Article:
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Jeff Grabill - Michigan State University. East Lansing, MI, US

Jeff Grabill Jeff Grabill

Associate Provost for Teaching, Learning, and Technology | Michigan State University

East Lansing, MI, UNITED STATES

Expert on pedagogy in the digital age

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Texting is good for us: Jeff Grabill at TEDxLansingED Faculty conversations: Jeff Grabill Jeff Grabill:

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Biography

Jeff Grabill is a Professor of Rhetoric and Professional Writing. His research focuses on how digital writing is associated with citizenship and learning, and that work has been located in community contexts, in museums, and in classrooms at both the K-12 and university levels. He is a Senior Fellow with University Outreach & Engagement. At Michigan State, he helped develop and led a new major in Professional Writing, was a founder of the Writing in Digital Environments (WIDE) Research Center (now Writing, Information, and Digital Experience), and serves as Chair of the Department of Writing, Rhetoric, and American Cultures. Dr. Grabill is also a co-founder of Drawbridge Incorporated, an educational technology company.

In his role as Associate Provost for Teaching, Learning, and Technology, Dr. Grabill is responsible for guiding the development of technology-enhanced instruction on campus. He works collaboratively with the chief information officer on issues related to the teaching and learning experience and actively engages with the deans of the Graduate School and undergraduate education on new models related to curriculum development and delivery.

Industry Expertise (7)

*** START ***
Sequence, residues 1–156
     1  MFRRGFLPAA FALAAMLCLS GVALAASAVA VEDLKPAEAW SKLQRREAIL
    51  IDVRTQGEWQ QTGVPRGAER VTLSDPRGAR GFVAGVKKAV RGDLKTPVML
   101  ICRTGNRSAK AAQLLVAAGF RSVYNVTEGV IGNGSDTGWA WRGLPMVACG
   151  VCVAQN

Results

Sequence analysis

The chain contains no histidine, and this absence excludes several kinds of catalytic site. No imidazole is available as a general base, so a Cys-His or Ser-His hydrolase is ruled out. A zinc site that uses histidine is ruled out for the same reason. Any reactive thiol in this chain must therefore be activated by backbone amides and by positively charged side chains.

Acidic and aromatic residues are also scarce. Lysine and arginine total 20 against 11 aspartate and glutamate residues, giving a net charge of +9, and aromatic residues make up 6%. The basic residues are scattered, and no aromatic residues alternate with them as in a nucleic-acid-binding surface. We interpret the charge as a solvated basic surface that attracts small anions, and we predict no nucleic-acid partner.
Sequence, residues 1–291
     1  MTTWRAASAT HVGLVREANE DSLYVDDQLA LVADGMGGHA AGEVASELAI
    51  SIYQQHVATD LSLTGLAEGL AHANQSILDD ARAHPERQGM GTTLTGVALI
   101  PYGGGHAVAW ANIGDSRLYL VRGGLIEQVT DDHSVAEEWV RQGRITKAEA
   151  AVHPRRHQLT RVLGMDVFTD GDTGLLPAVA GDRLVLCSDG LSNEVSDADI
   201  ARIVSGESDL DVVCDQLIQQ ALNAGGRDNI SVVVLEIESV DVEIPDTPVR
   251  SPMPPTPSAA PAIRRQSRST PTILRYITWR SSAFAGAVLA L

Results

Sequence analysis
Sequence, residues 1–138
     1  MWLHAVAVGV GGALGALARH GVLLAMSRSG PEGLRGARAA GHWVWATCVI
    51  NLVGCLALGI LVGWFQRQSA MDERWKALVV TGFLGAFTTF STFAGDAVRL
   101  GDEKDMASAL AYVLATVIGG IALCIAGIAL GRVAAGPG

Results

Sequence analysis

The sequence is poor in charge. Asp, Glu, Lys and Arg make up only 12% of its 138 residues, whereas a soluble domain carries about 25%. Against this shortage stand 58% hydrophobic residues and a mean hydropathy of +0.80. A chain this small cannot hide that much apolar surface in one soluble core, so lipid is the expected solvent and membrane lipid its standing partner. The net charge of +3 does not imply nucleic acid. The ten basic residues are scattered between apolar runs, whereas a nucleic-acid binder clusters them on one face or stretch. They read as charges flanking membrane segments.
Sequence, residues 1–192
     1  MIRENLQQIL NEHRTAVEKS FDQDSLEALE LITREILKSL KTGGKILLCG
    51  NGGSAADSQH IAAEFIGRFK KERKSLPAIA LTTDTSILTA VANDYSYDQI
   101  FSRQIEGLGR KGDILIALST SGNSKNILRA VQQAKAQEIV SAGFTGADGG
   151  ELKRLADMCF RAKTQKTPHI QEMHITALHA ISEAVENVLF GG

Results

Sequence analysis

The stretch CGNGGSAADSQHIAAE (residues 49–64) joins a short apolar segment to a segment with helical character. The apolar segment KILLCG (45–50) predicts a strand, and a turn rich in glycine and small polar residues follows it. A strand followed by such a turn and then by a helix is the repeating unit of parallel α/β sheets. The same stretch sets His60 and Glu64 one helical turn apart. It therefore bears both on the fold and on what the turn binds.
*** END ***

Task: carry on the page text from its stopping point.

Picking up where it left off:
Telecommunications Writing and Editing Education/Learning Research Computer Software Computer Networking Computer Hardware

Areas of Expertise (4)

Professional and Technical Writing Community Literacy Informal Learning Rhetorical Theory

Education (3)

Purdue University: Ph.D., English, Rhetoric and Composition Dates 1997

Kent State University: M.A., English 1993

Wabash College: B.A., English 1991

News (2)

Creating Space for Innovation

MSU Today  online

2016-10-26

“The Hub as a unit is meant to help identify, accelerate and sometimes create new ways to learn, research, deliver instruction and collaborate," said Jeff Grabill, associate provost for teaching, learning and technology and director of the Hub. "Our projects directly support the provost’s priorities for student success and they also extend the university in new ways”...

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MSU Amps up Student Success Efforts

MSU Today  online

2015-11-01

The Hub for Innovation in Learning and Technology will focus on student success by creating and accelerating new ways to collaborate, learn, research and deliver instruction, said Jeff Grabill, associate provost for teaching, learning and technology and director of the Hub...

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Journal Articles (5)

WIDE Research Center as an Incubator for Graduate Student Experience Journal of Technical Writing and Communication

2017